There’s been a good deal of talk about mental illness the past few weeks, largely spurred by Catherine Zeta Jones’ announcement that she is seeking treatment for her Bipolar II syndrome. In the clip at the link, husband Michael Douglas points out that Jones probably would not have revealed her diagnosis had she not feared being “outed” by those in her treatment group. Both the language he used and the pressure she felt are incredibly sad.
Relatedly, Lena Chen has written about her experience with depression during her time at Harvard, musing on to what degree it was due to the school environment. Chen begins by stating that she tends to believe Harvard is responsible “for the emotional malaise experienced by so many of us there.” She continues by explaining that “The consensus among my friends is that Harvard drives normal people crazy and drives crazy people to suicide.”
More convincingly, Chen points out that it is high pressure environment that emphasizes creating “successful” graduates that may have led high rates of depression she witnessed there. Of Harvard, Chen says, “The problem is that ‘success’ is defined by social notions of prestige, reputation, and wealth. And given how difficult it is to obtain those things and how frequently my peers and I were told that we must obtain them, is it any wonder that people feel fucked up for not being able to simply do what seems to come so easily to their classmates?”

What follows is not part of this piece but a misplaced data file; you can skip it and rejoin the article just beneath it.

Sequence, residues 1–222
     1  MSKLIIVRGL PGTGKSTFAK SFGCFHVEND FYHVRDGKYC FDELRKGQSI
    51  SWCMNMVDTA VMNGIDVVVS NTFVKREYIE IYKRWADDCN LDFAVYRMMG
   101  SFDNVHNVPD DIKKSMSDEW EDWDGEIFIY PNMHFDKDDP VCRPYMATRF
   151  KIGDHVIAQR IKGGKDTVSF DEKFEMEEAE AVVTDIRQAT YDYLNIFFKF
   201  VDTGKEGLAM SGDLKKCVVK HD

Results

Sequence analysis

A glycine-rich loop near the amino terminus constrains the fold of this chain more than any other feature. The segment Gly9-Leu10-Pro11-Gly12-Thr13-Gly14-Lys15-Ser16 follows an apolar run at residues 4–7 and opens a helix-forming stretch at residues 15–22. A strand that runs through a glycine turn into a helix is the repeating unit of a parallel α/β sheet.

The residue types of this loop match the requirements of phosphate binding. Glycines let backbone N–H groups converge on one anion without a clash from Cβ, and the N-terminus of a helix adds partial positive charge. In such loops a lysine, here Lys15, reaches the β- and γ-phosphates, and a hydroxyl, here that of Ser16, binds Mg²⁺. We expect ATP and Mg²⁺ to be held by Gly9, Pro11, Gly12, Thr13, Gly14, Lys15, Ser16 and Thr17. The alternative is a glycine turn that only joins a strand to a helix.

Though I’m pleased to see Chen speaking out about depression and how common it is among college students, I’m troubled by her characterization of this as an Ivy League-specific problem, or to a larger extent, a college-specific problem. Depression is extremely common; what’s not is an open and honest discussion about it. It can be spurred by many things, and drastic change is one of them.
I’ve been pretty honest (at least among friends) about the depression I experienced during my freshman year at the UofC. What I ultimately learned from it was though college did nothing to help the situation, I am fairly confident I would have been just as depressed at any other institution, and perhaps even outside of school. As much I consider it overemphasized, college is the beginning of many adult experiences, and this extreme change, when coupled with a new environment, can be incredibly isolating.
Obviously, Chen is speaking only from her experience, as I can only speak from mine, but I do think it’s unhelpful (and perhaps inconsiderate of the commonness of depression) to write about mental illness as if it’s an issue that only her University, or only Ivy League colleges, or even only colleges, need to tackle. In a way, it creates an odd catch-22: is depression for people who just can’t hack it with the big boys, or a burden only the privileged bear? In reality, it’s something we all need learn to think about better, as I’m sure the female lead of Zorro can tell us.